The fruit juice of a lemon contains mainly sugars and fruit acids, which are principally citric acid. Lemon peel has 2 layers, a zesty outer layer, which contains approx. 6% essential oil, which is mostly limonene (a very important phytonutrient for human health and liver detoxification) and an inner layer made of bitter flavone glycoside and coumarin derivatives.
Despite popular belief that all lemons are sour flavoured, there is a sweet variety of lemons called the Meyer lemon, and it can be easily grown indoors in the UK. Unlike other citrus fruit trees, lemon trees can bear fruit all year round, so lemon trees make an attractive and healthy gift idea for a loved one.
- Lemons are an excellent source of vitamin C
- They also contain vitamins A, B1, and bioflavonoids, as well as potassium, magnesium and folic acid.
- The main health benefit of lemons, is the limonene extracted from the skin. It is currently being used in clinical trials to dissolve gallstones, and has promising anticancer properties.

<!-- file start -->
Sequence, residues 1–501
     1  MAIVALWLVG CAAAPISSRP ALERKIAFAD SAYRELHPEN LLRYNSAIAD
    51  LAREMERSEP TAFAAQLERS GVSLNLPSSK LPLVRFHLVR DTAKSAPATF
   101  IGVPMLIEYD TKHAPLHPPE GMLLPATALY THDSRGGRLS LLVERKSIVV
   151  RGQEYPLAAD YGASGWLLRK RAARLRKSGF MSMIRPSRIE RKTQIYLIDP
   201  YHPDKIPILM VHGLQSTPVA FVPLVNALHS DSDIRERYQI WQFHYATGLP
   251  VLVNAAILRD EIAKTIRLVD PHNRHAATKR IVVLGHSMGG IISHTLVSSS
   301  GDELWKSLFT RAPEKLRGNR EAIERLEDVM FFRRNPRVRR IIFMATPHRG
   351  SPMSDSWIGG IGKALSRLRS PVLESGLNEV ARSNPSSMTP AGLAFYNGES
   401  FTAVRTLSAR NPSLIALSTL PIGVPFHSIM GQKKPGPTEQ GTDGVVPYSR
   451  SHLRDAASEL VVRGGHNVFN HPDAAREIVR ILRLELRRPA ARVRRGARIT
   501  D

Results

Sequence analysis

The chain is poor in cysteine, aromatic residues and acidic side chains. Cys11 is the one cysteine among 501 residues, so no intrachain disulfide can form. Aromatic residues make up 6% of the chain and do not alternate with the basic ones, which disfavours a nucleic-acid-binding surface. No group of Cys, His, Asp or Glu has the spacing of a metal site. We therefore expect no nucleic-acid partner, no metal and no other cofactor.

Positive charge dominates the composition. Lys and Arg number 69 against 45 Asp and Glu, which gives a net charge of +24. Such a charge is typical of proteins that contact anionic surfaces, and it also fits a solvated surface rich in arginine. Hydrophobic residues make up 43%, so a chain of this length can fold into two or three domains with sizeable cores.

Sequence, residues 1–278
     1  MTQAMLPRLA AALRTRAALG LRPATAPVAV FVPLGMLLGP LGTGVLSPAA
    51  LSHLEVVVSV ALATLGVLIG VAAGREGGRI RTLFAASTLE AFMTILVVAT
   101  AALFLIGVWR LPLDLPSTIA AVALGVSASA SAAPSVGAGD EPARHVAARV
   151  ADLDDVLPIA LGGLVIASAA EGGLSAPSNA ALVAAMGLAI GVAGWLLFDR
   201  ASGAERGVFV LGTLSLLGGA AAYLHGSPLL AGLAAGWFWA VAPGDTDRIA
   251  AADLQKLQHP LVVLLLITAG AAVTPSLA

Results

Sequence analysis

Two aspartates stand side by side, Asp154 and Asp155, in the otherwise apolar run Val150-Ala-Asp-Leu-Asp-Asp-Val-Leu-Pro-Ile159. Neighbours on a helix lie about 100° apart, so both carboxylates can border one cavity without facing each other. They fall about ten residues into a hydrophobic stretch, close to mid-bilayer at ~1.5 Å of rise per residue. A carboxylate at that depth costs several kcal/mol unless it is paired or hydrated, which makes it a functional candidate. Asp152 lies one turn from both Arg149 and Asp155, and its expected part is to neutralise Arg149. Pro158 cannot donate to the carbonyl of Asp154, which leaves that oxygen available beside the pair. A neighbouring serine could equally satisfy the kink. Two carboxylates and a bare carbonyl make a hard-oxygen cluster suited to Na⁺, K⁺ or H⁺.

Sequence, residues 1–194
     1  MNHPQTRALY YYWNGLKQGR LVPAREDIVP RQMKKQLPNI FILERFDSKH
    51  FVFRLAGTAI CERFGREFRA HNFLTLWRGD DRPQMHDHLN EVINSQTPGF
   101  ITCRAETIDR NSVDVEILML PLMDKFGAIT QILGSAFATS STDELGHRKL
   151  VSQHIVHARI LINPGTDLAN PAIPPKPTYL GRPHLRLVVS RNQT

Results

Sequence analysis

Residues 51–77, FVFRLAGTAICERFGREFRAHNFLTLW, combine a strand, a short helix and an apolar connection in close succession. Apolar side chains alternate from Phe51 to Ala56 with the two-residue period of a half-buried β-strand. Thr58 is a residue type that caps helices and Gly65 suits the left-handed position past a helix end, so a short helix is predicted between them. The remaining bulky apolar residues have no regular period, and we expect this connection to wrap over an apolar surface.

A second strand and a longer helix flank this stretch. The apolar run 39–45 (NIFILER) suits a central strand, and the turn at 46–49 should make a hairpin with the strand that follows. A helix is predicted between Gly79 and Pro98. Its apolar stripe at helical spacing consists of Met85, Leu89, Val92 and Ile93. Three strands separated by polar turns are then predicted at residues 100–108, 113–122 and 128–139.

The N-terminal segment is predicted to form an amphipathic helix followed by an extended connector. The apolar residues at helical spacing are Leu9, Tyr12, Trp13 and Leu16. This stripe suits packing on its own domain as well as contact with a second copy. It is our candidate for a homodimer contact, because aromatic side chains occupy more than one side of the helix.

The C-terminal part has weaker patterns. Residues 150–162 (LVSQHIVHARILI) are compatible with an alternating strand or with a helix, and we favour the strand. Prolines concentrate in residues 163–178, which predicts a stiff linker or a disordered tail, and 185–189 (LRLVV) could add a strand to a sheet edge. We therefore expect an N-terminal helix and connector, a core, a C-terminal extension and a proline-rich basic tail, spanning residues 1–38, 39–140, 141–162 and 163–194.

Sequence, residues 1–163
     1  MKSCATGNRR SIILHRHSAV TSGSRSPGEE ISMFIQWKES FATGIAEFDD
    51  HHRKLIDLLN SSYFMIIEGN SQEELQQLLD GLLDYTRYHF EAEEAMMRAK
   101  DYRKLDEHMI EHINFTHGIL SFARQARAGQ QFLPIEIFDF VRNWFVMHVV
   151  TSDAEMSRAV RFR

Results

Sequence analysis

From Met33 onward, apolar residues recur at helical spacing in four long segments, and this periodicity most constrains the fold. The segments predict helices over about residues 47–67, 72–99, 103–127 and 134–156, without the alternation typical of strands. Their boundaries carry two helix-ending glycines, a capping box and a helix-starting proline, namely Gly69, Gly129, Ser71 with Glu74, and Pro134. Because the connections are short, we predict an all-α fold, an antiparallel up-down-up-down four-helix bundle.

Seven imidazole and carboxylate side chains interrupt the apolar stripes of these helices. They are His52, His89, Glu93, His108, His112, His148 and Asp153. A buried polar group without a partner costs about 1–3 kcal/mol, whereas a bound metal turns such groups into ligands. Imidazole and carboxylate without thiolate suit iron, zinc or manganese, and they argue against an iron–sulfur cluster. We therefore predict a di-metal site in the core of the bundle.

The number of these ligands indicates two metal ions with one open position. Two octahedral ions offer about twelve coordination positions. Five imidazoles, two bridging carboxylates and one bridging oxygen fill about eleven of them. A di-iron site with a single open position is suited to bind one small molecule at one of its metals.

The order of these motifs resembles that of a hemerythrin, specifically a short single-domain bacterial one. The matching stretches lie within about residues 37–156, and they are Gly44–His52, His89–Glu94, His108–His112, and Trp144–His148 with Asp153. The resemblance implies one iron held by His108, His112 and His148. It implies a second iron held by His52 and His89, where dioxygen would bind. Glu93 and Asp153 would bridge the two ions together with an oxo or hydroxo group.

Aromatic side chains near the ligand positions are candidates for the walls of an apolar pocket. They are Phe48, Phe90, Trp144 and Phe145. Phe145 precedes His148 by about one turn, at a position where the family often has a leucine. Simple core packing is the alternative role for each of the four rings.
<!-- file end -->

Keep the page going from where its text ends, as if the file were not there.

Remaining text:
- The best way to add the benefits of lemons to your diet, is to drink the juice in tepid water throughout the day, and notably first thing in the morning.
- You can also slice the lemon in half and pop in the freezer. You can then grate the whole lemon over salad, veggie or protein dishes that require an extra health boost and lovely zingy flavour.
- Try to use organic, unwaxed lemons if possible, but if they are not available, please ensure you soak and scrub the skin before use
Lemon Basil Salad Dressing Recipe (serves 2)
Juice from half a lemon
1/2 tsp lemon zest
4 tbsp. of olive oil
1/2 tsp Dijon mustard
1/2 tsp honey
Sprinkle freshly ground black pepper, and pink Himalayan salt.
Handful of finely chopped basil leaves
Add this to any salad, for a lively, fresh zesty taste all year round.